Pipeline operators are rapidly and increasingly moving towards digital transformation in order to harvest efficiencies and achieve higher levels of reliability and safety. Fueled by advances in technology such as cloud computing and machine learning, data is considered a key asset, and pipeline operations are increasingly driven by information and analytics. However, successfully achieving a digital transformation toward reliable and high-quality data requires mature processes for obtaining, managing, evaluating, and continuously improving data quality.

During a review of pipeline risk assessment results, a pipeline operator (Operator) found that risk results for a particular pipeline were driven by the mainline coating type being listed as “un-coated.” However, further review of the records showed that the pipeline, in fact, was coated.

One of the Operator’s foundational principles is ‘data as an asset’. Thus, the Operator understands the critical impact of such data inconsistencies across many potential receptors, from financial impacts to public safety. Additionally, mature processes enhance confidence in prioritizing the “right work.”

Data quality is essential for the use of historical data, interoperability across various data systems, and generation of useful analytics. The data quality process maturity (Process maturity) evaluation aims to assess all processes, capabilities, and governance required for ensuring high data quality. As a result, the Operator decided to rigorously evaluate their data quality and the maturity of data quality processes.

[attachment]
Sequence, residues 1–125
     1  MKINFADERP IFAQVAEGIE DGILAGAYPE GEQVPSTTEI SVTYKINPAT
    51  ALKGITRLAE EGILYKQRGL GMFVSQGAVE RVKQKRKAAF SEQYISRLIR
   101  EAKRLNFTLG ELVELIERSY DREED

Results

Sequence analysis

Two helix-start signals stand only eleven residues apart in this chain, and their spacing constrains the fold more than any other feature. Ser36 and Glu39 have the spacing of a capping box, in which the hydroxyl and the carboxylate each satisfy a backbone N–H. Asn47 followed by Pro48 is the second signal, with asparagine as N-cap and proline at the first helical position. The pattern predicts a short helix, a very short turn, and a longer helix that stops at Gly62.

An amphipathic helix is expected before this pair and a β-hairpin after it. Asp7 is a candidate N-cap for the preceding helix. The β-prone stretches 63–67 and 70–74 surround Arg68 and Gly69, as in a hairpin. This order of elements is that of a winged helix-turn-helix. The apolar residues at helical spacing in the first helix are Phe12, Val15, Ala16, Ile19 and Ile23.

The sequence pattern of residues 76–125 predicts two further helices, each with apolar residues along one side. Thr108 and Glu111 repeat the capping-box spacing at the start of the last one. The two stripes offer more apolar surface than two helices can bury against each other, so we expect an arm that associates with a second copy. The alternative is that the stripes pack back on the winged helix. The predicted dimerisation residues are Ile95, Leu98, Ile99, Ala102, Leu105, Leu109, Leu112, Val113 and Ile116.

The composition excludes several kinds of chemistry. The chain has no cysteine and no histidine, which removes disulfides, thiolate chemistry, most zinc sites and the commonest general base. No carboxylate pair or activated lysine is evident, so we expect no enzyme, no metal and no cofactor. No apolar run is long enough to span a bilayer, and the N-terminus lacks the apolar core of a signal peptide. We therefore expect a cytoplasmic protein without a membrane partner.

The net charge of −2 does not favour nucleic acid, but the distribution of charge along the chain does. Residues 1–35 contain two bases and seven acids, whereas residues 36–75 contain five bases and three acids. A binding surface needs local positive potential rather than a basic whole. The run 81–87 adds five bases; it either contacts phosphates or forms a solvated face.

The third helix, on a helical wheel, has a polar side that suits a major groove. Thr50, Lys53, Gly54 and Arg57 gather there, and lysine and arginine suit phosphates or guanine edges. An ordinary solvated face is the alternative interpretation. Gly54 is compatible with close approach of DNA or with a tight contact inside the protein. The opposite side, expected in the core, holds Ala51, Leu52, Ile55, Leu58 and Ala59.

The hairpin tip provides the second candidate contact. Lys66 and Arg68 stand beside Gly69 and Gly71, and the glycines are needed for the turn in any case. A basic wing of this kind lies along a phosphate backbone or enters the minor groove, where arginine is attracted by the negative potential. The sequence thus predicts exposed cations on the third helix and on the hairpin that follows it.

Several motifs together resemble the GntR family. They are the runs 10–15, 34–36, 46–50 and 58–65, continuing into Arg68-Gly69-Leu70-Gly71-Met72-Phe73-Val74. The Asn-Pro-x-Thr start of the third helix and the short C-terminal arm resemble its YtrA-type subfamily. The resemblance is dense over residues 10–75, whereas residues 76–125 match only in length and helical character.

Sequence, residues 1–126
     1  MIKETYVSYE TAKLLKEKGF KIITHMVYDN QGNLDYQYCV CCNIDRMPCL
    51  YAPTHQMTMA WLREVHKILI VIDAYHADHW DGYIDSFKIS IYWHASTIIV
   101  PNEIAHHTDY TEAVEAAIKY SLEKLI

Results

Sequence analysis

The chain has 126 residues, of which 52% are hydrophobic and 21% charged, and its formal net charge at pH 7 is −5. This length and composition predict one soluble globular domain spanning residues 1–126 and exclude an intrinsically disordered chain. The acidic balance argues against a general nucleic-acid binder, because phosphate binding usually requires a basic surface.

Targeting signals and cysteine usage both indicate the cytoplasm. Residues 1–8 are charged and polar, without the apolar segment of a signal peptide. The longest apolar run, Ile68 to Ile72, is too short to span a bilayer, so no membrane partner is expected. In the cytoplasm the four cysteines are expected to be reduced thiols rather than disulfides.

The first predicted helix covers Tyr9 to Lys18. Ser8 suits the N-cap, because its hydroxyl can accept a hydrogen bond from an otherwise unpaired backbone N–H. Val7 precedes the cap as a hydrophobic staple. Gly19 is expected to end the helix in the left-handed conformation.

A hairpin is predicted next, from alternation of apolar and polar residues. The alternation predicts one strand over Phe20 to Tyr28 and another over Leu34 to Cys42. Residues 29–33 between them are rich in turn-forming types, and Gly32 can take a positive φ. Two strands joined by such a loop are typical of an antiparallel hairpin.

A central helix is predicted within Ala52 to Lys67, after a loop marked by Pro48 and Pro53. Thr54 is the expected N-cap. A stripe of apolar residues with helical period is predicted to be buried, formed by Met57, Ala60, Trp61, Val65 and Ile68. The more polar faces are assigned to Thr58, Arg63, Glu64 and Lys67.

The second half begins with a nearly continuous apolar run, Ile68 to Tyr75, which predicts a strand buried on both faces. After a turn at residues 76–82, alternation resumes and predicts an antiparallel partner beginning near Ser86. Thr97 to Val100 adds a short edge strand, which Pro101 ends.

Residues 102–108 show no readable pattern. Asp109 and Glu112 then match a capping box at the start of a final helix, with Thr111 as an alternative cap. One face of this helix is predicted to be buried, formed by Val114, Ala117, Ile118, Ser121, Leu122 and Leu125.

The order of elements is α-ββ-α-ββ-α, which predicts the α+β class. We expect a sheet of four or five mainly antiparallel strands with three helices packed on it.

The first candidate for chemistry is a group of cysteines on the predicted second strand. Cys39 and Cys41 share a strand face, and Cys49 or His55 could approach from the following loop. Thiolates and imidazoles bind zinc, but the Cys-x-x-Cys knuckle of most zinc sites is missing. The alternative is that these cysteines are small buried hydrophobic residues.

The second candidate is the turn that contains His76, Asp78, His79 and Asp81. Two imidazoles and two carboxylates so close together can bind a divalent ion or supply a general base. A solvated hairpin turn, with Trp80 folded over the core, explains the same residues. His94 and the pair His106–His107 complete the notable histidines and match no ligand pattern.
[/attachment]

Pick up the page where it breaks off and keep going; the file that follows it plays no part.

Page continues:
The data quality assessment involved creating a comprehensive list of data elements required to assess a particular threat, prioritizing data elements, and documenting data storage by the source system. The data quality was then evaluated using Key Performance Indicators (KPIs), establishing a baseline.

An organization’s Process maturity varies from level one (Initial) to level five (Optimized). The Process maturity of the Operator was assessed on five evaluation areas: Governance, Organization & People, Data Standards, Requirements & Metrics, Process Efficiency, Technology & Tools. Results of the evaluation led to the identification of actionable gaps.

The process, as developed, leverages guidance provided in ISO (8000-8) [3] for data quality assessment and DNVGL-RP-0497 [4] for Process maturity evaluation. This paper presents a step-by-step approach developed for and successfully employed by the Operator as applied to pipeline integrity threats.

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